School Reopening Principles and Waiver Application Guidance

School Reopening Principles

Schools should not open in person unless it is safe for students and staff. School districts should adhere to the requirements set forth by the California Department of Public Health and county health departments regarding the reopening of schools. Protecting the health and well-being of students, staff and families must come first.

  • School districts must provide a variety of opportunities for robust input and feedback from parents who are representative of the demographics of the school community.  Communication with families and students should be early and often. Two-way communication before and during school reopening planning and implementation is critical for the health and safety of all students, staff and families.
  • Parents and families should be able to ask questions and receive responses about the school’s plans before a physical return to school.  Plans should include information about physical safety, distancing practices, health screenings and testing, and ventilation systems.  Parents should be informed of the district’s plan of action in the event of an outbreak, detailing the possibility of reclosure or quarantine of some students and staff.  A helpful guide including questions to ask was developed by PACE in conjunction with California State PTA; Navigating the Uncertainty of Reopening Schools: A Guide for Parents, Families and the Public” is available on our website at
  • Parents and families should be provided with choice in determining whether their child returns to the classroom full or part-time or participates in distance learning or a hybrid model.
  • Some children are disproportionately impacted by distance learning. The needs of children living in poverty, English language learners, children with disabilities and special needs, and other vulnerable students must be effectively addressed. It is not acceptable for any child to miss out on crucial learning opportunities.
  • In order for distance and hybrid models of teaching and learning to be successful for all children and youth, all students must have access to the internet and compatible computers or tablets.
  • There needs to be flexibility in timing that works for families with multiple children, working families, and families with other hurdles. For middle and high school students, schools should not start before 8:30 am to protect student health and well-being. Getting input ahead of time from local families about these issues is imperative.
  • Schools are encouraged to limit the number and types of platforms that students and families must navigate in order to participate successfully in distance or hybrid learning.
  • Distance and hybrid models of teaching and learning should include the same instructional supports and high quality of learning and instruction as traditional on-site instruction, addressing equity and incorporating age and developmentally appropriate instructional best practices.
  • Afterschool and childcare programs need to be available and coordinated with the school day for working families.

Information and Guidance for PTAs Requested to Support Waiver Applications for
Elementary School In-Person Instruction

The application for an elementary school (grades transitional kindergarten (TK) to sixth grade) re-opening waiver requires school districts to indicate: “The extent to which the school, school district, or system of private schools has consulted with relevant labor, community, and parent organizations, as applicable.”

  • PTAs may participate in providing input to school districts regarding a waiver application that reflects the variety of views of the parent community.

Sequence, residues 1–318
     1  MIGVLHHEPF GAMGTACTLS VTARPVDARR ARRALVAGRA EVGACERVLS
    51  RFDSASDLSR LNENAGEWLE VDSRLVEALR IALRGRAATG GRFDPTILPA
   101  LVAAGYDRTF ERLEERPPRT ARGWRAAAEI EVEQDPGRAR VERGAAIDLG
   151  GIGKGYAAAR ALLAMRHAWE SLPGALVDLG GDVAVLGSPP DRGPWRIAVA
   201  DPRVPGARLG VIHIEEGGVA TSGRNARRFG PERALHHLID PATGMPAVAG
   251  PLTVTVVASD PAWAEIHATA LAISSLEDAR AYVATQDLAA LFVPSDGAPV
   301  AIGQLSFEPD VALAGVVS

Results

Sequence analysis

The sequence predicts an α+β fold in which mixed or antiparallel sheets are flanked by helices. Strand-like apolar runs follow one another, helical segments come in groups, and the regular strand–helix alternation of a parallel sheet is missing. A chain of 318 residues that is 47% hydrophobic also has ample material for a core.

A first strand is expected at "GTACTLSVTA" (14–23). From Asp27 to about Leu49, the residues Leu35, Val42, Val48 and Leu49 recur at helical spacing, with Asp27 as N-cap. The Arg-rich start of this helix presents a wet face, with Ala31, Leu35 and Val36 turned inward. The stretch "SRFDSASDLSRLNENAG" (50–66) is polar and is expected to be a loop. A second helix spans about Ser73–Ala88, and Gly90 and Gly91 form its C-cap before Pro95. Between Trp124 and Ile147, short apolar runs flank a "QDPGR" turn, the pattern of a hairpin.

• A PTA should not sign a letter of support for a TK-6 waiver due to potential liability.


Excerpt from California Department of Public Health’s COVID restrictions on school opening and process to apply for a waiver: (bold emphasis added)

The California Department of Public Health (CDPH) developed the COVID-19 and Reopening In-Person Learning Framework (PDF) to support school communities as they decide when and how to implement in-person instruction for the 2020-21 school year.

This framework permitted schools and school districts to reopen for in-person instruction at any time if they are located in a local health jurisdiction (LHJ) that has not been on the county monitoring list within the prior 14 days. If the LHJ has been on the monitoring list within the last 14 days, the school must conduct distance learning only, until their LHJ has been off the monitoring list for at least 14 days.

The framework authorized local health officers (LHO) to grant a waiver of this criteria, in order for elementary schools to open for in-person instruction under specified conditions. Applicants must satisfy all waiver requirements in order to be granted a waiver. Waivers should be granted or denied pursuant to the process outlined below.

This elementary school waiver is applicable only for grades TK-6, even if the grade configuration at the school includes additional grades.

A district superintendent, private school principal/head of school, or executive director of a charter school (hereinafter applicant) can apply for a waiver from the LHO to open an elementary school for in-person instruction.

Applications and all supporting documents must be submitted to the LHO at least 14 days prior to the desired reopening date.

Prior to applying for the waiver, the applicant (or his/her staff) must (1) consult with labor, parent, and community organizations, and (2) publish elementary school reopening plans on the website of the local educational agency (or equivalent). Examples of community organizations include school-based non-profit organizations and local organizations that support student enrichment, recreation, after-school programs, health services, early childhood services or provide family support.

Full details:

To view or download a PDF version of this document, click here.

CHHSA Releases Master Plan for Early Learning and Care: California For All Kids